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Being Real in the Open Marketplacet: an Interview Today in the Rumpus

I've had a lot of interviews but Yuvi Zalkow, who interviewed me for The Rumpus this week, has a special quality--as a person, a writer, and an interviewer. His own writing scrapes the heart with authenticity. (See A Briliant Novel in the works at http://tinyurl.com/bqq9nwu)  As an interviewer he has the same quality. This brought me out in a new way—a way that felt more real. It's so hard to feel that something personal is happening in the hype-byte of the current age. That's why this particular interview is important to me.

Yuvi talked about the interesting circumstance of our first meeting: That night Yuvi had to read at the opening of Cheryl Strayed's Dear Sugar and was tight for time.  We were at the Library Bar at the Hotel Rex with no books and nothing to drink since it was only four and it hadn't opened yet.  We had a tense twenty minutes. When we left, my silver Toyota was outside and looked exactly like the silver car Yuvi had rented when he came from Portland.  I opened the door to this car instead of mine, to see a startled Yuvi getting ready to drive.  Later, we read together in Los Angeles and got a good sense of each other's work. I admire writers who can let loose about their life in the first person. And Yuvi takes tremendous risks with himself.

Eventually we had the interview and I really talked about how I write in a new way.   A lot of writing is complicated, but the way we talk about it doesn't have to be.  I think the way we talk about it may spill over and inform new work.  And so perhaps the act of writing again and again forces us to be more and more authentic in a strange private way: The writer and the reader meet as strangers, behind the scenes, yet get to know each other intimately.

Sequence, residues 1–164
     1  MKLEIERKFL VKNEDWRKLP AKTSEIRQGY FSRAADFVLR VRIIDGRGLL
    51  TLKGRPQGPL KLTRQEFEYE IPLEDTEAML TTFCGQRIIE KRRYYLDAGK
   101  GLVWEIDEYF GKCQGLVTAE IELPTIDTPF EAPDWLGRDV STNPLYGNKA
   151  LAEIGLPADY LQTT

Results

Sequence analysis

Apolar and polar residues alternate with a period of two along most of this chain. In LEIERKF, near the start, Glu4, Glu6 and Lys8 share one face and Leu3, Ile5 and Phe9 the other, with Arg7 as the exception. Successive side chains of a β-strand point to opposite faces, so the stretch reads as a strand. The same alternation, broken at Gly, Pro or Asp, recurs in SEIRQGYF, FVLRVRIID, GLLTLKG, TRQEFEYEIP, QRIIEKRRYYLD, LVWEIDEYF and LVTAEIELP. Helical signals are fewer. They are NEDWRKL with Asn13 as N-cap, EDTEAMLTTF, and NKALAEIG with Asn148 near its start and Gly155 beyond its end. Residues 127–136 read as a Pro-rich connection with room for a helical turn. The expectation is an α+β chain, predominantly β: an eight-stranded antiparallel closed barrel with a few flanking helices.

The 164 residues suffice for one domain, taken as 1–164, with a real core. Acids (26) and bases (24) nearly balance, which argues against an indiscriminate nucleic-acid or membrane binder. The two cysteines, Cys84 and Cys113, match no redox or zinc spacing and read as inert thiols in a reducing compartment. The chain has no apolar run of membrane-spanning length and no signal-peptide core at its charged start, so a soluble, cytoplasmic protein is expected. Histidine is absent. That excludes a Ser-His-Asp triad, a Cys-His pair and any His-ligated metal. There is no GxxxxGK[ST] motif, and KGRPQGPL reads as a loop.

Like all of you, I am always pressing for more intimacy in my work. And I realize the increased intimacy involves self-knowledge of a curious kind. It comes across in metaphor and I don’t always understand how it relates to me.  I can never explain my stories—so that’s not what I mean.   But I realize I have the experience later of understanding what was on my mind, what I was about.  It's almost as though the writing illuminates a part of me I myself don't consciously comprehend. Later—often much later--I am an interpreter, a translator, for my conscious self.   This translation seems to reverberate and help me write new work from a deeper place. So it's kind of a feedback loop.

Anyway.... the interview with Yuvi and subsequent conversations helped me understand this loop a bit more.   I'd love to hear what the rest of you have to say.    Thanks!  And here’s the interview:




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A truly intimate and revealing gem, Thaisa, and all based on a subject we usually keep hidden away--the interview.  I had a feeling you were being interviewed by yourself--your true self, not the writer. Thanks for being so candid.

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thank you!

Thanks, so much, William.  Authenticity is so hard to define, especially because as writers we both self-reveal and are private.  So where are we?  I am always asking that questions.   Thanks again!